If you’re wondering, “How long does fatigue last after COVID?” – you’re not alone.
Fatigue is the most common COVID-19 symptom, and many people are starting to figure out that it can linger for weeks. And in some cases, even months…
This being said, how long can fatigue really last after testing positive for COVID-19, how can you manage this symptom, and when should you consider talking to a doctor?
Let’s break it down.
How long does fatigue last after COVID?
For many people who contract COVID-19 and experience symptoms, fatigue may only linger for 2 to 3 weeks.
Fatigue can affect people differently. For example, it may make it more difficult to concentrate, limit your day-to-day activities, or cause sluggishness.
While this symptom could continue weeks post-infection, in some cases, it may be nothing to worry about. In fact, according to some studies, over 55 long-term effects (including fatigue) have been identified that could be a result of ongoing symptoms of COVID-19.
What are common symptoms of post-COVID fatigue?
After testing positive for COVID-19, you may experience a variety of side effects associated with fatigue – which extend beyond simply feeling “tired.”
COVID fatigue symptoms may include:
- Decreased appetite
- Difficulty concentrating and remembering things
- Blurry vision and headaches
- Body aches and muscle weakness
- Decreased motivation and overall coordination
How to manage post-COVID fatigue syndrome
In many cases, fatigue after COVID may go away without serious medical intervention. In fact, with proper rest and nutrition, it is possible to overcome fatigue associated with Long COVID without a trip to the doctor’s office.
How to deal with fatigue after COVID:
- Rest: Avoid strenuous activities that drain your energy, and give your body time to heal itself. Take a few sick days, relax from your bed or couch, and postpone any exercising, cleaning, and errands.
- Sleep: Your body loves sleep, so give it some! Allow your body the opportunity to heal and your mind to fully relax. Make sure you go to bed early and create a sleeping environment that promotes a full night of rest.
- Nutrition: It’s important to give your body everything it needs to restore itself. For this to happen, stay away from sugary or caffeinated drinks, eat plenty of fruits and veggies, and stay hydrated.
What is fatigue after COVID-19?
Whether you have a mild or severe case of COVID-19, certain symptoms could develop and linger for months – something many people are calling Long COVID. According to a recent article in the Journal of the American Medical Association, an average of 54% COVID-19 survivors continue to experience at least one symptom (which can include fatigue).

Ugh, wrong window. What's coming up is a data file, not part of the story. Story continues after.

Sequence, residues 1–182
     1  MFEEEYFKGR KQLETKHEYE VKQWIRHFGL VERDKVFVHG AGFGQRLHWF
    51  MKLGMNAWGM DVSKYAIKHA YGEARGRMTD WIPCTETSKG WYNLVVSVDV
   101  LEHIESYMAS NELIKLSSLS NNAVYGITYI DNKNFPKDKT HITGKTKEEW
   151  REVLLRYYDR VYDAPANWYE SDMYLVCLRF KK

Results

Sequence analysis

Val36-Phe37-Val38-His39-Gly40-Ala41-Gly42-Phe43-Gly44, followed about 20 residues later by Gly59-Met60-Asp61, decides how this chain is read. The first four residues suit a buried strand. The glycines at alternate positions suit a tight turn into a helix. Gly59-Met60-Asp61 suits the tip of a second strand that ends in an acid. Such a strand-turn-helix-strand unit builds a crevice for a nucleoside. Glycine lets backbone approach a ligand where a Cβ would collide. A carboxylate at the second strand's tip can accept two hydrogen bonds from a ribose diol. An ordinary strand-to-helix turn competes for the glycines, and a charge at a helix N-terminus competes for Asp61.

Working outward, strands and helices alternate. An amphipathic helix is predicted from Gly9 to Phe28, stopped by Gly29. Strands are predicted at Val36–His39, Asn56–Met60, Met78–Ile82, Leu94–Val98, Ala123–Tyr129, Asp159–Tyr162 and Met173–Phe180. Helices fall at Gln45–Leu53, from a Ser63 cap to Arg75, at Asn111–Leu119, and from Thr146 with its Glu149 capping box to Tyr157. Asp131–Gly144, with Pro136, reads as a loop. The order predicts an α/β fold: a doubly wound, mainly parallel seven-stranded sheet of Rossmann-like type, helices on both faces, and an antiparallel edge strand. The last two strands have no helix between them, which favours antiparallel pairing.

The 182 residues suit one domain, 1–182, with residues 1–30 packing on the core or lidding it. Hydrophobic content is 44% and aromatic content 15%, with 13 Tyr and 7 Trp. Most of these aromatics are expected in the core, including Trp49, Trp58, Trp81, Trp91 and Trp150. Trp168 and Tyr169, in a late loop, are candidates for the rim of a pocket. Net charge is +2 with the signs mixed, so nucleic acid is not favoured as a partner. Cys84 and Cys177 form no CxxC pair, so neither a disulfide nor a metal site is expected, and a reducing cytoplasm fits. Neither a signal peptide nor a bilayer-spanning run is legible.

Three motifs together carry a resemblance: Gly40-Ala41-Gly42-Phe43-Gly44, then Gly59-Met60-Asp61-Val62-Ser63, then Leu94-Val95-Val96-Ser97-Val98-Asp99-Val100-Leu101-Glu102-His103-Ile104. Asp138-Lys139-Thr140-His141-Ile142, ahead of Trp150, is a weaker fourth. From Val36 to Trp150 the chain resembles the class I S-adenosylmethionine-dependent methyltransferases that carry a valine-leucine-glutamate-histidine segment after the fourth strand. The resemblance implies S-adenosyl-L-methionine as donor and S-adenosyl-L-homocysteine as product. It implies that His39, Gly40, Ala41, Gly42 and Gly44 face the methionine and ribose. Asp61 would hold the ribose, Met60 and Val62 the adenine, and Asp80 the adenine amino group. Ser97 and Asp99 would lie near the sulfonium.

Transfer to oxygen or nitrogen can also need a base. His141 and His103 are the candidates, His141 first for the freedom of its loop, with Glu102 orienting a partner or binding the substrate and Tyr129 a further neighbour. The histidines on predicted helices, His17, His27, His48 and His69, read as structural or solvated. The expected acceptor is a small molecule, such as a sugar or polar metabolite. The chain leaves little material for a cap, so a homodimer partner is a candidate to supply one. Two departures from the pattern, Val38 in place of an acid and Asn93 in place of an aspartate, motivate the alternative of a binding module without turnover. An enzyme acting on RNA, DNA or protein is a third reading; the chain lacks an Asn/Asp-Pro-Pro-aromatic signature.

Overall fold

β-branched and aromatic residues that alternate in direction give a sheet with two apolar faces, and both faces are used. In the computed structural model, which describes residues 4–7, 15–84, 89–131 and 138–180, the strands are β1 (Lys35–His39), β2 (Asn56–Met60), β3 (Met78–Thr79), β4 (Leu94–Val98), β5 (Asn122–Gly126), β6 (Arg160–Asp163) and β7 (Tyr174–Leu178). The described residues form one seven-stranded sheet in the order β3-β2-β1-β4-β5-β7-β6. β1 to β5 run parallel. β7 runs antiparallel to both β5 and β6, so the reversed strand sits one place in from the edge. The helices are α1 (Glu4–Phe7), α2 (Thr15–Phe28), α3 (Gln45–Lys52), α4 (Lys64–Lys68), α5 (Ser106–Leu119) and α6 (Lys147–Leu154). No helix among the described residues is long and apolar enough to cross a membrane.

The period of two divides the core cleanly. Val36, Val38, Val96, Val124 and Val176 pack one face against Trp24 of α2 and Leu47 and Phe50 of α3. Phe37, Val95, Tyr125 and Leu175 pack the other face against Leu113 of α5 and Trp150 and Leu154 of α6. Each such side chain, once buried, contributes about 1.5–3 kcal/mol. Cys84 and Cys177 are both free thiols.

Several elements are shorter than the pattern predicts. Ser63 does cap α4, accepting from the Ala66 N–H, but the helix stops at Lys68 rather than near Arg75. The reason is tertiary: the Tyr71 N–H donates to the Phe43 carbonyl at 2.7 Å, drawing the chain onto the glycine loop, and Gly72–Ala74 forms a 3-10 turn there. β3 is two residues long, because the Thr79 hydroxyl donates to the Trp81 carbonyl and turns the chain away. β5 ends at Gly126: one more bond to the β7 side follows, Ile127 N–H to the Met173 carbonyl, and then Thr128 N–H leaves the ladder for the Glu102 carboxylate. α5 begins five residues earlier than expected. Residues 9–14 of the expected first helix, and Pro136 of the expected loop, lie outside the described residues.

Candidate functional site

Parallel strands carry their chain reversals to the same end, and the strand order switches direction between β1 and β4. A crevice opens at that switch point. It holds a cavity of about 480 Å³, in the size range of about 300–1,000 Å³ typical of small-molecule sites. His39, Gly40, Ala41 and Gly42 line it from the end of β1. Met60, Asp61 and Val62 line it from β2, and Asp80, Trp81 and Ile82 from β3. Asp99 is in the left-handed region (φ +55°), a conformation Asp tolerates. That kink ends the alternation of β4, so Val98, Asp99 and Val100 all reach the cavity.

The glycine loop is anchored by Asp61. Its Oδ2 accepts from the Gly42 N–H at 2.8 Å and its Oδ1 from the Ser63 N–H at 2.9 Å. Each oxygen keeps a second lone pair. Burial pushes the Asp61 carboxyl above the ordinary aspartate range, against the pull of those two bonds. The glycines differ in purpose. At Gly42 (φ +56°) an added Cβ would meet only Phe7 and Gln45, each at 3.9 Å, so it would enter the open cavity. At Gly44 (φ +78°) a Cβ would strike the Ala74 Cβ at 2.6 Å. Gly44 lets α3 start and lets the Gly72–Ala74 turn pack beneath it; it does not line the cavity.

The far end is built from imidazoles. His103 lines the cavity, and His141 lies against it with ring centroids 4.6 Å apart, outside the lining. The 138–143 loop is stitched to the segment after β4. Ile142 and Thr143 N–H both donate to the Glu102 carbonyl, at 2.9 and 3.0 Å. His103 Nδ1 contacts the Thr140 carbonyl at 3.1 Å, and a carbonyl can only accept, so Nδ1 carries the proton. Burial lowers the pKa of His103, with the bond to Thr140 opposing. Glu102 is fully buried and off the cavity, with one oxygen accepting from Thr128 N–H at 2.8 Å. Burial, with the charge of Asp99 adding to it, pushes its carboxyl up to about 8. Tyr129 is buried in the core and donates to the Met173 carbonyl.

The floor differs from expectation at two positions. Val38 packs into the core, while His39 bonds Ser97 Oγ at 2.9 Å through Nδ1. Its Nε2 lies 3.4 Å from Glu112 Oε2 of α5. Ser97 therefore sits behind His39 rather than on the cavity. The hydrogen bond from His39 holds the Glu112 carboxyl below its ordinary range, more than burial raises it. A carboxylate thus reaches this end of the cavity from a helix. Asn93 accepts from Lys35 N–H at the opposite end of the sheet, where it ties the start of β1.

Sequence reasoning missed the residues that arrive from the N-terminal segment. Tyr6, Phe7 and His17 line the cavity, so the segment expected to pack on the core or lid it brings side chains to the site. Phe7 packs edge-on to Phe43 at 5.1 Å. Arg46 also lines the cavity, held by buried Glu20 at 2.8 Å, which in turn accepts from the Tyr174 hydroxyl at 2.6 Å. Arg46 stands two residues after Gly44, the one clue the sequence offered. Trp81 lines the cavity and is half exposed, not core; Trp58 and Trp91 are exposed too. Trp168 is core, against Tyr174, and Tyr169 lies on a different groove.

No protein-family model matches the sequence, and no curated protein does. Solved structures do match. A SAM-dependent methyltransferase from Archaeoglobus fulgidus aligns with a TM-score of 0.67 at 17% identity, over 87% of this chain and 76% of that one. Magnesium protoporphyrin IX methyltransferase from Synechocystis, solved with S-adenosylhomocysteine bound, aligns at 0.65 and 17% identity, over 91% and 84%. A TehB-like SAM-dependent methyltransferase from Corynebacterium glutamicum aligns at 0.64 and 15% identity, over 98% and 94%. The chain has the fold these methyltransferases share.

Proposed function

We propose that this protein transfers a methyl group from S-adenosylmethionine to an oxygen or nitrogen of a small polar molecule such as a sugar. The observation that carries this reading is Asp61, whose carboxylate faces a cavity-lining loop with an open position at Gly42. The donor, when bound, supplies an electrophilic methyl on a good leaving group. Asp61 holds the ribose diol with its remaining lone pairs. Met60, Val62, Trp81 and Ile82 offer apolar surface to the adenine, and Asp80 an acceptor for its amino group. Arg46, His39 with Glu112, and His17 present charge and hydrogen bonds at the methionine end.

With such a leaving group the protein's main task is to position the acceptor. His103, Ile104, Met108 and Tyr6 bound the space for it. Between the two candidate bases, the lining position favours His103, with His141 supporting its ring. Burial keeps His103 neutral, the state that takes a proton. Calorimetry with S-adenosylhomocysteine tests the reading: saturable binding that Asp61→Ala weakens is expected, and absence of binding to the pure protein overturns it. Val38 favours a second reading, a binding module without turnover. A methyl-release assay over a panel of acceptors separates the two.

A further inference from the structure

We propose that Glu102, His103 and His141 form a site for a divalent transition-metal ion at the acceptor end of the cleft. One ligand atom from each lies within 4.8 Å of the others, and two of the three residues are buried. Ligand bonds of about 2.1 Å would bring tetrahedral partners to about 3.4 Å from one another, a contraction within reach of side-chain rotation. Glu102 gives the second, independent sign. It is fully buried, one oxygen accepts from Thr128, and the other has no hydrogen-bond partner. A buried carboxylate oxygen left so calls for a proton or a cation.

If you experience chronic fatigue (also known as Myalgic Encephalomyelitis or CFS), you may experience bodily pain and heavy brain fog, along with traditional fatigue side effects. While research is still being conducted on chronic fatigue post-COVID, experts believe this symptom could be due to your body’s response to a viral infection.
Although most patients recover from acute COVID-19, some experience postacute sequelae of severe acute respiratory syndrome coronavirus 2 infection (PASC). One subgroup of PASC is a syndrome called “long COVID-19,” reminiscent of myalgic encephalomyelitis/chronic fatigue syndrome (ME/CFS). ME/CFS is a debilitating condition, often triggered by viral and bacterial infections, leading to years-long debilitating symptoms including profound fatigue, postexertional malaise, unrefreshing sleep, cognitive deficits, and orthostatic intolerance. – PNAS
When should I see a doctor about COVID fatigue?
While chronic fatigue may not seem like a serious issue, it could be. Chronic fatigue post-COVID can have a serious impact on your quality of life and constantly affect your overall well-being. This being said, there are a few instances that may indicate you need to seek professional medical advice.
When to seek medical advice:
- You’re starting to notice new symptoms that impact your activities of daily living
- The fatigue is staying the same or getting worse
- You’re concerned you’re experiencing symptoms outside of fatigue
- You need advice on how to better manage your symptoms
One way to manage fatigue from Long COVID
Fatigue associated with Long COVID doesn’t have to become a permanent fixture in your life. With Flow Therapy, you could improve your quality of life and experience less shortness of breath, chest pain, and chronic fatigue.
Emerging data shows that long COVID is a disease that impacts the health of vessels, also known as endothelial function. EECP is a disease-modifying, non-invasive therapy that has previously shown to improve endothelial function in controlled clinical trials.Sachin A. Shah, PharmD, Chief Scientific Officer at Flow Therapy
American College of Cardiology
If you’d like to learn more about Flow Therapy and how it works, check out these additional resources, take our online Long COVID assessment, or reach out to us online.